The Affordable Care Act Rolls Out
While Virginia Republicans are demanding a delay of the Affordable Care Act, the White House moved forward with its plan to open up health insurance exchanges today.
The political fight in Washington over so-called Obamacare has not delayed the rollout of a signature feature of the law: health exchanges where people can compare prices and tailor insurance plans for their needs. Still, Republicans, like Virginia Congressman Randy Forbes, are doing just about all they can to fight its implementation.
“I think when you see something that’s destroying the greatest health care system the world has ever known, when you see something that is going to have the economic consequences, people losing their jobs, premiums going up, that this is, we owe it to the American people to fight to try to change that.”
Forbes says today’s rollout is going to hurt families.
“What we’re seeing with companies across America who are stopping their health care, turning people into these exchanges.”
But Virginia Democratic Congressman Gerry Connolly says while some employers are dropping coverage, it isn’t the end of the world. "That means their employees are going to have far more choice than they have currently. Smaller companies, 10 or 15 employees, often only have one plan: this is the plan we offer whether it meets your needs or not too bad. Under the exchange, you’re going to have a lot of options where you can try to tailor the plan to your family’s needs.”
In Virginia the exchange will be run by the federal government because the governor and lawmakers in Richmond decided not to run it at the state level. Medicare recipients who are sixty five and older aren’t impacted by the law, though many have received calls and mailings telling them they will be. Others in the state have received calls from insurance brokers who were trying to convince them to sign up at much higher rates before the exchanges were unveiled today.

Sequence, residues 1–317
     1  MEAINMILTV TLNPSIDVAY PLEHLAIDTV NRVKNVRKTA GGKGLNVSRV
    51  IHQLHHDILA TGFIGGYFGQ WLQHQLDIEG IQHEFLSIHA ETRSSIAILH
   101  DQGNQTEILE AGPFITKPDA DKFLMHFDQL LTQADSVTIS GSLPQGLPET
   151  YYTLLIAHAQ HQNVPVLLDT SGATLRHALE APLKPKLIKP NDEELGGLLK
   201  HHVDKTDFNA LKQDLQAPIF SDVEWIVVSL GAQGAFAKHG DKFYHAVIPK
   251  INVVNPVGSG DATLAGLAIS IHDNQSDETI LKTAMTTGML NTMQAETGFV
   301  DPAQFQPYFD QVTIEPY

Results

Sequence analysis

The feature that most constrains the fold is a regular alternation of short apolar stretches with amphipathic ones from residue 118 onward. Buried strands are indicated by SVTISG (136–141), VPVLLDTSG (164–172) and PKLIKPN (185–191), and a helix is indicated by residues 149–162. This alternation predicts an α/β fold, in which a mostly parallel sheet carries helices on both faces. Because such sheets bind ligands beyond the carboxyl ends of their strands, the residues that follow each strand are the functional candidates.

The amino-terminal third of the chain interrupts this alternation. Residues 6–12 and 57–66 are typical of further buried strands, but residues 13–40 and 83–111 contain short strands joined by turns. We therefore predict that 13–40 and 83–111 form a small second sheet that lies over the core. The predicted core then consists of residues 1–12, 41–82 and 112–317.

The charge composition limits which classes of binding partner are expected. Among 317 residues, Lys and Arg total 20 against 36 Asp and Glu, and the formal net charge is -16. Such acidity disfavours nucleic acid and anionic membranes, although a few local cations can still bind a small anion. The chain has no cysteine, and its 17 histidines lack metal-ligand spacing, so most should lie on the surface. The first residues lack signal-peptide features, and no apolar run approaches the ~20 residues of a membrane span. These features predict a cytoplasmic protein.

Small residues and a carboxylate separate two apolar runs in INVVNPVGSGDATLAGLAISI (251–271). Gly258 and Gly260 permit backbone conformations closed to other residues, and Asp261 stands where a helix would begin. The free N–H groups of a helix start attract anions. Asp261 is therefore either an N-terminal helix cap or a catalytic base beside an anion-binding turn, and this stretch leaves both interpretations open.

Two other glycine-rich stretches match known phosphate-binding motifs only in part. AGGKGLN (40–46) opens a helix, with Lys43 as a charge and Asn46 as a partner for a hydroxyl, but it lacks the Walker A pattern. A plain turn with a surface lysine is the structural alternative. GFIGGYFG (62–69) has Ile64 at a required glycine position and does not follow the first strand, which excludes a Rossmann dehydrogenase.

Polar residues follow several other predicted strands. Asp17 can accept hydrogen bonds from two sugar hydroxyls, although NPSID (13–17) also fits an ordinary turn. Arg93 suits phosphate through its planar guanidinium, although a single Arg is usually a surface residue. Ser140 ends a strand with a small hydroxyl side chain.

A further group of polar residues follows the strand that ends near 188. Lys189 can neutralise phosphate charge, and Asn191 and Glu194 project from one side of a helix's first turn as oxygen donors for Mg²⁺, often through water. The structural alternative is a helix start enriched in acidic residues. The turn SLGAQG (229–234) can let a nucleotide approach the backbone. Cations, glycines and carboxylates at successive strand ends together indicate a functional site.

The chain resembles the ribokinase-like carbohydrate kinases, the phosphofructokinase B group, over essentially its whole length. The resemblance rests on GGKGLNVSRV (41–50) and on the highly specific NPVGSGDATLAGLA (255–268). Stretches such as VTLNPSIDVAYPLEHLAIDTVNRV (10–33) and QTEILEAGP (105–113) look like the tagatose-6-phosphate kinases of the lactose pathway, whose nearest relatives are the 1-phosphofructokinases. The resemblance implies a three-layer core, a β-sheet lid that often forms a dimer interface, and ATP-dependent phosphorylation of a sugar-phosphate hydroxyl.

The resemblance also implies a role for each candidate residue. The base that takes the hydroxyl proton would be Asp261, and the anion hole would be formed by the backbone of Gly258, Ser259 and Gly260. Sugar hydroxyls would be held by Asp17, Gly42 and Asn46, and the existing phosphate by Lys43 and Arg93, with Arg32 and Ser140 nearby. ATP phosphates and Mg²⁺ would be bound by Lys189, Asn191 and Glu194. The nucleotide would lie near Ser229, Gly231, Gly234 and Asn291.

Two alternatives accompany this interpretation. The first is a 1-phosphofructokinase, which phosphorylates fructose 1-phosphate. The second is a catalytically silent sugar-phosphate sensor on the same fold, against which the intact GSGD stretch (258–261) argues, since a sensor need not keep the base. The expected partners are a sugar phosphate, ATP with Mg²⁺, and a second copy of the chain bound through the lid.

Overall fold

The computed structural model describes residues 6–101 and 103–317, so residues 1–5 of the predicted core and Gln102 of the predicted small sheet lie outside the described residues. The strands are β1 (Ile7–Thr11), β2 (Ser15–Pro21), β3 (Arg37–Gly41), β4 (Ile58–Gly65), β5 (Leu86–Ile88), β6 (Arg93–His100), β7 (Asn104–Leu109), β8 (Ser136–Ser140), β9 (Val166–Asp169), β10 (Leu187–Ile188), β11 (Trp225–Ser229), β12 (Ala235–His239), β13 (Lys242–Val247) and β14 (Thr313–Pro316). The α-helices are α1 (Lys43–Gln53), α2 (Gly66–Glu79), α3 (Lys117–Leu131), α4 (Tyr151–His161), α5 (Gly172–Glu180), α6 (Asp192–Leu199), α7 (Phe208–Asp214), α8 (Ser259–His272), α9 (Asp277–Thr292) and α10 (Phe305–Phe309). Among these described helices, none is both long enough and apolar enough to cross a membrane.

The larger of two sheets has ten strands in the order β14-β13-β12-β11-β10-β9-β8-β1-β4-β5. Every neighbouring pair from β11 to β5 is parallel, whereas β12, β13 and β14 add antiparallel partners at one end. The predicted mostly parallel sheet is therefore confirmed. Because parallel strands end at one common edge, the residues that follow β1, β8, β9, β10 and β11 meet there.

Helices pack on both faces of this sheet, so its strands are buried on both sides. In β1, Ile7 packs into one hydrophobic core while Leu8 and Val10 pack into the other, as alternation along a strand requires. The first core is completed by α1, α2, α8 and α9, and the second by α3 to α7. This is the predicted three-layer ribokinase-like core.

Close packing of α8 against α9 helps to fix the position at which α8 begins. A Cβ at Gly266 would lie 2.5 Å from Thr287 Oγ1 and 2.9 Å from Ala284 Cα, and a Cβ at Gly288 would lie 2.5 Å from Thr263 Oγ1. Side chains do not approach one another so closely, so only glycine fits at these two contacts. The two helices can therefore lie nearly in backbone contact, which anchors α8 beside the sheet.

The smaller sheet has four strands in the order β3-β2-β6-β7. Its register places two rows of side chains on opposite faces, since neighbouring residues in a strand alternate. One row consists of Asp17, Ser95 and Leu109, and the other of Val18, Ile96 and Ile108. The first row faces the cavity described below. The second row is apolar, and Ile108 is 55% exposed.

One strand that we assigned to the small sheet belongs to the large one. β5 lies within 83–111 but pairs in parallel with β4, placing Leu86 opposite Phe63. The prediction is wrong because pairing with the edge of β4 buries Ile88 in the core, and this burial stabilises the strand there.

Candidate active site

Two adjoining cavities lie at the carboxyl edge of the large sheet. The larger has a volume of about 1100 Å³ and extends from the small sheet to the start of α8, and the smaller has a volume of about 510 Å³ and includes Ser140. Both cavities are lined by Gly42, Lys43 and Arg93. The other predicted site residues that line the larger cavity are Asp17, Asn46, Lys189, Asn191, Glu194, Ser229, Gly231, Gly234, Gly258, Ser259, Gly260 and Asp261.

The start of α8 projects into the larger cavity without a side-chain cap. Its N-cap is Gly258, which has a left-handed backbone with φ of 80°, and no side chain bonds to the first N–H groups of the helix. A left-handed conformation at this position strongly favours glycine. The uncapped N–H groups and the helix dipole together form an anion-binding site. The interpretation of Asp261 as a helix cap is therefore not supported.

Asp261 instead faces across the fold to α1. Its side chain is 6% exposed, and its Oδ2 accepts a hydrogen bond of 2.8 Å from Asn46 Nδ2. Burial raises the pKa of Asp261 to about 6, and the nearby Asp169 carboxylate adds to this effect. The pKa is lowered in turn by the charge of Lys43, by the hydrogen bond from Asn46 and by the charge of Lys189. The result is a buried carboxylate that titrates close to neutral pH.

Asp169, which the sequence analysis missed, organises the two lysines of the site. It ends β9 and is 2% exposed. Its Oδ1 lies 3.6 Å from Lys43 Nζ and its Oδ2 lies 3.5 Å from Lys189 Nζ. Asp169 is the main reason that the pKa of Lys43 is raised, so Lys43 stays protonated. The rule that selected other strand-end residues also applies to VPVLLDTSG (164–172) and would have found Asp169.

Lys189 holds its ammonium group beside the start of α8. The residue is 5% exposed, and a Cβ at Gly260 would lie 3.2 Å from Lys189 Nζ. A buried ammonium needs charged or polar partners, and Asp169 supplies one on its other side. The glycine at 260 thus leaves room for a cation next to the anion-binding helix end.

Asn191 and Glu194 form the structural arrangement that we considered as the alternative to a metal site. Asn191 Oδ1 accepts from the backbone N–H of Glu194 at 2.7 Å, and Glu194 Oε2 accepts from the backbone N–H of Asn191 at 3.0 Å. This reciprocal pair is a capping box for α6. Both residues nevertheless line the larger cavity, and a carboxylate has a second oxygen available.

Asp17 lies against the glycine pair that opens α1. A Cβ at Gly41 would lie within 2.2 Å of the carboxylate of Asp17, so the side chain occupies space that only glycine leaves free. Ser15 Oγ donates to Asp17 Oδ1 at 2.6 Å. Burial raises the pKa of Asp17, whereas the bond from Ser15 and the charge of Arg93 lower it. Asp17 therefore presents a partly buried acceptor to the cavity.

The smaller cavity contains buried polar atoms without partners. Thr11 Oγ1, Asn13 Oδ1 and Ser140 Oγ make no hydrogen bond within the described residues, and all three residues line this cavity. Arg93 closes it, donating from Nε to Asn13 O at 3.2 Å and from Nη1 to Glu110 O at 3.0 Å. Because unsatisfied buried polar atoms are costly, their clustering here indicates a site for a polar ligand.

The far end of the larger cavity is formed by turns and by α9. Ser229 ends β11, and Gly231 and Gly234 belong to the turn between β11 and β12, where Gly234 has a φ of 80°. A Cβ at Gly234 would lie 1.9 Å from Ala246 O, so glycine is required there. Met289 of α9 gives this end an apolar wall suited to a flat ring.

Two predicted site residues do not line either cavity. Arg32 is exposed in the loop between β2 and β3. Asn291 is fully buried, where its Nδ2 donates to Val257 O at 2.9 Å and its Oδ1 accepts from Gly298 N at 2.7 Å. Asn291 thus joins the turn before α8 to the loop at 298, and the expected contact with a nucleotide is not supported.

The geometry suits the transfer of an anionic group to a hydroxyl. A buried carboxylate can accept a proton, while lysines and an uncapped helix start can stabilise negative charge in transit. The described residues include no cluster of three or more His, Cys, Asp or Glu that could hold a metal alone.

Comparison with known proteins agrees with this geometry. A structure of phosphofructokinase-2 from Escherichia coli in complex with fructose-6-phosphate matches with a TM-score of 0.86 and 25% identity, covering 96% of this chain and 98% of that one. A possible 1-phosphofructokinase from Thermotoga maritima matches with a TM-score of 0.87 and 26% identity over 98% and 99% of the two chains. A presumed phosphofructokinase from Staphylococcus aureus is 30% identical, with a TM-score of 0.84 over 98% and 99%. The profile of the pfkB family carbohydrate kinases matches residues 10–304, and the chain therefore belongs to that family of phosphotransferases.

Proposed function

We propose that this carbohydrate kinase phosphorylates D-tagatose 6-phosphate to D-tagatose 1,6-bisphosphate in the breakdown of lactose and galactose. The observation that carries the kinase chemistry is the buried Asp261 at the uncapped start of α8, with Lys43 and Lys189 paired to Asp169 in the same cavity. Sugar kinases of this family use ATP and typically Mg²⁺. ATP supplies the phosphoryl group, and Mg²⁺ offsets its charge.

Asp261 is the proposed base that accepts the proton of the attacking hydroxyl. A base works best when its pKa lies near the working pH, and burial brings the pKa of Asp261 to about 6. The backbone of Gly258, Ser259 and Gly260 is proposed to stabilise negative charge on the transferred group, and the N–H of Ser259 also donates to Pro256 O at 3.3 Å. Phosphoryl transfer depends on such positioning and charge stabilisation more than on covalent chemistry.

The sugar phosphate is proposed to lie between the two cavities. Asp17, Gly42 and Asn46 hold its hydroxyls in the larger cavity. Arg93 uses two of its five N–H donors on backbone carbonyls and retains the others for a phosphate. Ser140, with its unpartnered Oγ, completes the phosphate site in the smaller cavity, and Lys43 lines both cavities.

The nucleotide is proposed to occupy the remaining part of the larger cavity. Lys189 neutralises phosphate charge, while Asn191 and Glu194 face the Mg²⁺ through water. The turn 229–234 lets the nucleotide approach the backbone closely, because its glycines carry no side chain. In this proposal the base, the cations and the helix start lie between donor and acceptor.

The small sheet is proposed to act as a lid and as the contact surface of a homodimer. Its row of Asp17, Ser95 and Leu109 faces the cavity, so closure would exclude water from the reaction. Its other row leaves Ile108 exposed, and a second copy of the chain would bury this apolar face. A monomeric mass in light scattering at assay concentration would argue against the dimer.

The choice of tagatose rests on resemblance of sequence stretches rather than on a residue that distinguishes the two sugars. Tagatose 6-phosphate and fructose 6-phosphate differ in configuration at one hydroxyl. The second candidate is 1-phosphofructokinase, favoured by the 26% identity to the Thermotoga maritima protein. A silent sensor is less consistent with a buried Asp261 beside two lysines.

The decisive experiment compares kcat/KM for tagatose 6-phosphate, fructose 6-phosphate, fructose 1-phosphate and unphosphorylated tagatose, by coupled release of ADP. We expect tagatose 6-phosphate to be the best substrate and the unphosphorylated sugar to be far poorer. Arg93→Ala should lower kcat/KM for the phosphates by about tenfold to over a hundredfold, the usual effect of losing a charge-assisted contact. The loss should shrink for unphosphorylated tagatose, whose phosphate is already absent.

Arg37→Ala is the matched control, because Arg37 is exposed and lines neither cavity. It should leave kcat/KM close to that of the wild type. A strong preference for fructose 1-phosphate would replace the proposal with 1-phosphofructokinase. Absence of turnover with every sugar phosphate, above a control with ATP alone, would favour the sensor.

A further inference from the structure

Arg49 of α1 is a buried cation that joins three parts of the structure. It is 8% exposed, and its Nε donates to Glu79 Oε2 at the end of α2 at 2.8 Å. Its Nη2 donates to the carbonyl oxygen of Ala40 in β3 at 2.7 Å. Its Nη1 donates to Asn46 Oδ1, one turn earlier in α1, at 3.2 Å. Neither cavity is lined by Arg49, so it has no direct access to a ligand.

Virginia Democrat Jim Moran says opponents are trying to undermine the law’s implementation. “So most of the problem for the Affordable Care Act is a lack of information and a major propaganda effort. The people opposed to the Affordable Care Act have spent many times more in pushing their propaganda then have the people trying to defend the act. But I think that may change.”
But Republicans, like Virginia Congressman Rob Wittman, say the law isn’t ready for prime time.
“The best thing to do is to set this aside and discuss the ideas about how do we fix the system. Nobody disagrees that the system is not broken. But how do we fix the system in a way that is less cumbersome than we have right now. There are so many different elements of this, so many unintended consequences that we’re dealing with. It is really troubling and I think the American people feel the same way.
Democrats are starting to recognize parts of the law they want to change - the White House even delayed the law’s mandate on businesses until 20-15. But with no Republicans to negotiate with, they say they can’t tweak the law. Moran says Republicans are correct the law needs to be tweaked, but he says that doesn’t mean it should be scrapped. “You always need refinements, but you generally need to roll it out and see where the kinks are and fix them. And that’s what we need to do over the next two or three years. This can’t be cast in stone tablets.”
Congressman Connolly says the sooner the G-O-P accepts the law the better it will be.
“But sooner or later I hope they will come to the realization that the plan is actually working, that it is offering choices that didn’t exist before and that it’s bringing down the cost curve of health care in America.”
The health insurance exchanges are online at healthcare.gov. Most of the plans won’t start until the New Year.